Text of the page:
from Wiktionary, Creative Commons Attribution/Share-Alike License

  • n. Plural form of homoeomery.


Sorry, no etymologies found.


  • (Anaxagoras posits as elements the ‘homoeomeries’, viz. bone, flesh, marrow, and everything else which is such that part and whole are the same in name and nature; while Democritus and Leucippus say that there are indivisible bodies, infinite both in number and in the varieties of their shapes, of which everything else is composed-the compounds differing one from another according to the shapes, ‘positions’, and ‘groupings’ of their constituents.)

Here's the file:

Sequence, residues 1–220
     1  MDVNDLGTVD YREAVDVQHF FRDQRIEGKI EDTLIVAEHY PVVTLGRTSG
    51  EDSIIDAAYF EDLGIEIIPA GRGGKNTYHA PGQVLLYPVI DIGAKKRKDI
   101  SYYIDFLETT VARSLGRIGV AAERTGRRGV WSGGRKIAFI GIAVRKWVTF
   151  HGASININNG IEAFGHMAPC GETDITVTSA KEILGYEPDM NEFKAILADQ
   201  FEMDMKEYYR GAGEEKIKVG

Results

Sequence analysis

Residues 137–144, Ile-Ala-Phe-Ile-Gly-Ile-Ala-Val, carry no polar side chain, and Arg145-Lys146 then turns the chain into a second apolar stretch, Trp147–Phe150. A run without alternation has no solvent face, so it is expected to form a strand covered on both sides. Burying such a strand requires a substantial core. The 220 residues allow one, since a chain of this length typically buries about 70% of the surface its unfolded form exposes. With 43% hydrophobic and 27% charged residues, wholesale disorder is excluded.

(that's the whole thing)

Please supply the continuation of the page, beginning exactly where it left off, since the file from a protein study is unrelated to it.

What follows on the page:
On the Generation and Corruption

  • Anaxagoras of Miletus (c. 500–425), the first philosopher to live in Athens, argued that the world was made up of “elements” (homoeomeries) organized by the cosmic mind (nous).

    4. The Classical Age, 510-323 B.C.E

  • ‘simple’ rather than flesh, bone, and bodies which, like these, are ‘homoeomeries’.

    On the Generation and Corruption


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